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Postby bigearth » Wed Oct 15, 2008 8:51 am

Undertakers deliver last rites for US capitalism

By Krishna Guha in Washington

Published: October 14 2008 21:59 | Last updated: October 14 2008 21:59

The Cash Room of the US Treasury, with its marbled walls, faux columns and giant chandeliers, was an oddly appropriate place to bury free market capitalism.

For a few minutes all was still, apart from the buzz of the camera crews lined up to film the funeral. The podium stood empty, flanked with two giant flags. Behind it an open door revealed six more flags, as if an abundance of stars and stripes would reassure a troubled nation that the partial nationalisation of America’s banking system was indeed a truly patriotic act.

EDITOR’S CHOICE
Editorial Comment: Paulson at last goes systemic - Oct-14
FT interview: Hank Paulson - Oct-15
Analysis: Whatever it took - Oct-14
Video: John Authers on anxiety in markets - Oct-14
Full coverage: Global financial crisis - Oct-15
Interactive feature: Government interventions - Oct-14

Above the door a silver seal depicted the US Treasury’s crest: scales, a chevron and a key, with the date 1789. This crest had long proclaimed the genius of the US private financial sector. But now America’s banks had been weighed in the balance and found wanting: government intervention was the only key to unlock a global financial crisis. In strode the undertakers: all in black save the blue-suited undertaker-in-chief, who marched to the podium to deliver such a ringing hymn to the American spirit that the audience wondered for a second why it was there.

“America is a strong nation. We are a confident and optimistic people,” declared Hank Paulson, Treasury secretary.

“Our confidence is born out of our long history of meeting every challenge we face.” But then reality reared its ugly head. “There is a lack of confidence in our financial system . . . it poses an enormous threat to our economy. Investors are unwilling to lend to banks, and healthy banks are unwilling to lend to each other.”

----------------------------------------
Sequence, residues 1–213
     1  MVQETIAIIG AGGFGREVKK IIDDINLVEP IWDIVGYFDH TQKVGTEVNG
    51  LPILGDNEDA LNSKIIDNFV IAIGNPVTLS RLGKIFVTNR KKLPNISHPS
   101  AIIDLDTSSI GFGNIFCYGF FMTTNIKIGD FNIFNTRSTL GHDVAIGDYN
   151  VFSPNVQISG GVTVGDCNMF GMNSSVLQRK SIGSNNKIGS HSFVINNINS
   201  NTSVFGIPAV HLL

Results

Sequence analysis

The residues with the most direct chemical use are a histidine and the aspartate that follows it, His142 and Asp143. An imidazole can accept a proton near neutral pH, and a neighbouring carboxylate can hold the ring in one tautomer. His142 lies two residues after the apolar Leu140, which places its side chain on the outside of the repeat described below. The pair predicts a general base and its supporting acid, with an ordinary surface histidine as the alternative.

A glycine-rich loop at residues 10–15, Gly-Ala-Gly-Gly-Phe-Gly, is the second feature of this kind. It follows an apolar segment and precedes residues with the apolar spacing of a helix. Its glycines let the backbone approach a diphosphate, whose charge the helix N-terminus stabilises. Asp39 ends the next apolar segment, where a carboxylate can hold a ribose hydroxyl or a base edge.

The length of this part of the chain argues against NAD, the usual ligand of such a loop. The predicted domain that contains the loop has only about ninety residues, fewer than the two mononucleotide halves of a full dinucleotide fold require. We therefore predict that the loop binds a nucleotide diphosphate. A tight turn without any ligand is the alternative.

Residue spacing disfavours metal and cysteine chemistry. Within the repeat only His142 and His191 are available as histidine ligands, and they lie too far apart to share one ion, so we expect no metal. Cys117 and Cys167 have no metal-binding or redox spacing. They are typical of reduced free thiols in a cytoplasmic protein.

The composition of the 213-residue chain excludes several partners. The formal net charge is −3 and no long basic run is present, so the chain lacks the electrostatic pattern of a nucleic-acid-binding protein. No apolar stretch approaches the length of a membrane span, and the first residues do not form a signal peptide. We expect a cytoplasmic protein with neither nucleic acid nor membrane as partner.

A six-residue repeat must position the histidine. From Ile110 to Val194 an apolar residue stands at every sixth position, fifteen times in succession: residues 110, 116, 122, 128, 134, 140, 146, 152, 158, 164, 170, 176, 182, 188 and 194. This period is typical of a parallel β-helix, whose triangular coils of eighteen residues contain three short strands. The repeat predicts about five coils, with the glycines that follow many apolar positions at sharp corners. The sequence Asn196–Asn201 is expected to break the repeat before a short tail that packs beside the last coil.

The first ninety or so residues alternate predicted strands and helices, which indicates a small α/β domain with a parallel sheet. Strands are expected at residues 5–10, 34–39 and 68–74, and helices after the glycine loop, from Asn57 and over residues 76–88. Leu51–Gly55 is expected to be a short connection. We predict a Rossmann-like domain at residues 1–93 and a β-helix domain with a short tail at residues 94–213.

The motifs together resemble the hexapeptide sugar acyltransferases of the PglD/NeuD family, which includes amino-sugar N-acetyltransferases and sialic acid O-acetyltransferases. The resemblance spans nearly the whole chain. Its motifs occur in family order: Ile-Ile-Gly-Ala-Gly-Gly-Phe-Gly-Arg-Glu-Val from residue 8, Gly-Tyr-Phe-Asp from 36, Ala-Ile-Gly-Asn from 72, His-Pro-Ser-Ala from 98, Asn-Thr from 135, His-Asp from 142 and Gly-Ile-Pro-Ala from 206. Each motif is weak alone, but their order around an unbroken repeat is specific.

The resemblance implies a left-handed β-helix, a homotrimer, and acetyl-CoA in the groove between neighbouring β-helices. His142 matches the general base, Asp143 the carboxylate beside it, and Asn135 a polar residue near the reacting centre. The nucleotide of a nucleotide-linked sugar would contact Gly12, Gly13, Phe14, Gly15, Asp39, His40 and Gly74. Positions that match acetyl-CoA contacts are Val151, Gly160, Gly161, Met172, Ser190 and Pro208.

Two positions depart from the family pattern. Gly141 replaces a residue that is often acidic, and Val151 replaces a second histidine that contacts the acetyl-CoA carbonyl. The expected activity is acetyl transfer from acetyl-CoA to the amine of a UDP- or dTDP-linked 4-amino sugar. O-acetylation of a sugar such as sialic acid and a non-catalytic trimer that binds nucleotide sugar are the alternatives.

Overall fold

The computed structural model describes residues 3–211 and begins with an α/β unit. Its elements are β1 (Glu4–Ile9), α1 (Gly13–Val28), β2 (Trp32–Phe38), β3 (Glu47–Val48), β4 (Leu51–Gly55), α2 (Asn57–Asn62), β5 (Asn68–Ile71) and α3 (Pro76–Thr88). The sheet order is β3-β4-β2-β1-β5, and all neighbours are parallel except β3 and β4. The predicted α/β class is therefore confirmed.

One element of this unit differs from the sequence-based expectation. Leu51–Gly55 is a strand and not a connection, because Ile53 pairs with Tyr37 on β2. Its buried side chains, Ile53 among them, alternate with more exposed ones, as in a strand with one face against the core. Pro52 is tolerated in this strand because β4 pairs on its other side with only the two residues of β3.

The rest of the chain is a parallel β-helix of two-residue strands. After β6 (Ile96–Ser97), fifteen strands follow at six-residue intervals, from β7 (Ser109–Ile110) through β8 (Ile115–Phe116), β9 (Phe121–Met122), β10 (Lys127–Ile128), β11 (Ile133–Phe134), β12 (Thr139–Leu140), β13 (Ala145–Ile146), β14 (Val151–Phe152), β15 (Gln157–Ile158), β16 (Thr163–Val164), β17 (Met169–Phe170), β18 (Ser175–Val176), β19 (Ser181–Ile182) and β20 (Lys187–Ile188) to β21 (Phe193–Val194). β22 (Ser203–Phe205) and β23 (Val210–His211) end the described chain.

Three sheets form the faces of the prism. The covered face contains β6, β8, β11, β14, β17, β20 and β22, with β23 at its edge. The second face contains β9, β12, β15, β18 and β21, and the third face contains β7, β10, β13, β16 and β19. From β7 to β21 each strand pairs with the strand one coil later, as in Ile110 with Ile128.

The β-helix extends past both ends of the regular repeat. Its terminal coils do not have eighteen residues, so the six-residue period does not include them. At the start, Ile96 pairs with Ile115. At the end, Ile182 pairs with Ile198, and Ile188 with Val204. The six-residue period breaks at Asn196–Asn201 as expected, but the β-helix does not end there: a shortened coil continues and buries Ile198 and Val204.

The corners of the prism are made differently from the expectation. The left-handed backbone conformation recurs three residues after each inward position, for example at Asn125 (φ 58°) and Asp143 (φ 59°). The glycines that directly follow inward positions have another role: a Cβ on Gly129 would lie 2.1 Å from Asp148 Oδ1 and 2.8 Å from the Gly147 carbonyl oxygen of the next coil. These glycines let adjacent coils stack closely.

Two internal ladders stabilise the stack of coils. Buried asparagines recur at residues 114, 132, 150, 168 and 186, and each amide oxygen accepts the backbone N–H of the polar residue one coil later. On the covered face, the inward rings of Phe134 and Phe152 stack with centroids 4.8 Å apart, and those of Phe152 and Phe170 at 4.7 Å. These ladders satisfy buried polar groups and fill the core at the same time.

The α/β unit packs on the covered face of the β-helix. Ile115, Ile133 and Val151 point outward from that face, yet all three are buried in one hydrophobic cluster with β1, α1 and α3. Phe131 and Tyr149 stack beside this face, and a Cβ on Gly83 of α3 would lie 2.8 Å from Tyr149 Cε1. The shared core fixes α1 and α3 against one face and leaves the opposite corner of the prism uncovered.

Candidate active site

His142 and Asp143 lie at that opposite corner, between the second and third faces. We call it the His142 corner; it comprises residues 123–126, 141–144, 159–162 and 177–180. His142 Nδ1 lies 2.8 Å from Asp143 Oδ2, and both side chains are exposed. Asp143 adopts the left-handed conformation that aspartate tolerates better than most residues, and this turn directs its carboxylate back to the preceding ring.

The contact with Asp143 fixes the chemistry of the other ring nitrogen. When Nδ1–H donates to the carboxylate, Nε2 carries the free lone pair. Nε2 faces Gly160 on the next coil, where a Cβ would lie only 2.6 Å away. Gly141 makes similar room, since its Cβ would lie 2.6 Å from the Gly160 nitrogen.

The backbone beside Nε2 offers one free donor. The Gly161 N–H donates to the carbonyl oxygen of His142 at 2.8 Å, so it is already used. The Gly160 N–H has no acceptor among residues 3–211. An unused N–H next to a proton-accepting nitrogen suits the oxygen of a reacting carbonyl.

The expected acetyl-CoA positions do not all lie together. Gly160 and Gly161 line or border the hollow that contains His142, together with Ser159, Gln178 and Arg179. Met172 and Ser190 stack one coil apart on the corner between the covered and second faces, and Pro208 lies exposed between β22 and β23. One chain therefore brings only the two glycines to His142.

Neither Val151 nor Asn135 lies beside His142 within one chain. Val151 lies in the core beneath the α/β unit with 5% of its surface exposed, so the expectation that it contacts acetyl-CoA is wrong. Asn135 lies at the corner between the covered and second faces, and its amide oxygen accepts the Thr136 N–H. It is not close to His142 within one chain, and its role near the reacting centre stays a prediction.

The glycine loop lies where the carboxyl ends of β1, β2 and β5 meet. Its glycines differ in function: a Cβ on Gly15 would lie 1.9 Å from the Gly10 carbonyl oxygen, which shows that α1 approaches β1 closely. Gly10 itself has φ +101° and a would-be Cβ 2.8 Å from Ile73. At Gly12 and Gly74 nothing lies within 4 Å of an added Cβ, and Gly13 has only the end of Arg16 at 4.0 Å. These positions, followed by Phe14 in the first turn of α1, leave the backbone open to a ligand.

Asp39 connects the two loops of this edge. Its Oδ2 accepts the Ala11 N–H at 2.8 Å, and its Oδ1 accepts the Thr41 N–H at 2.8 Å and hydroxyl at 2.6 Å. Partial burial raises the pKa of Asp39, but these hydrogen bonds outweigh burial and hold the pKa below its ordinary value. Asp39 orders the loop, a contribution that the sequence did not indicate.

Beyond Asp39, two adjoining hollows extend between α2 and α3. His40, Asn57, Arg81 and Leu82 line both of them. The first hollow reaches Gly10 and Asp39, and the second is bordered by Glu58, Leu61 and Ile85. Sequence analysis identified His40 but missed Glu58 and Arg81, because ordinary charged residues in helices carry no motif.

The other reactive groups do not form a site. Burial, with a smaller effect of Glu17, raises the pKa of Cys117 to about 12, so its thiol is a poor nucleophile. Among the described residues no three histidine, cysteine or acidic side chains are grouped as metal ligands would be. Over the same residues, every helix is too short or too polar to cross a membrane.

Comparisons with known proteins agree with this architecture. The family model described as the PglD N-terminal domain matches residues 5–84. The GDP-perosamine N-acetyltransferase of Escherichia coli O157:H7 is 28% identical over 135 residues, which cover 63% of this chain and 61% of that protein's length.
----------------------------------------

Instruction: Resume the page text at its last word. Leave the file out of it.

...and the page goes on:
So was America confident or terrified? Apparently it was confident that it could stop being terrified but only if the government came to the rescue.

Deputy undertaker Ben Bernanke, Federal Reserve chairman, stared grimly into space; Sheila Bair, head of the Federal Deposit Insurance Corporation, nodded occasionally. Tim Geithner, president of the New York Fed, stood with both hands in his pockets, looking concerned.

Mr Bernanke’s turn came next, promising to do whatever it took to save the nation from disaster while letting slip that even yesterday’s giant intervention might not be enough. Then up strode Ms Bair, her head barely visible above the podium Mr Paulson had towered over, to detail the “extraordinary steps” the government was taking to save its banks.

Saving the economy would require “a sustained and co-ordinated effort by government authorities”. People may have lost faith in the private sector but not the power of federal authorities to rescue them. “Above all else, there must be no doubt in our government.”

A loss of faith in the private sector but no doubt in government? In America? Ronald Reagan must be turning in his grave.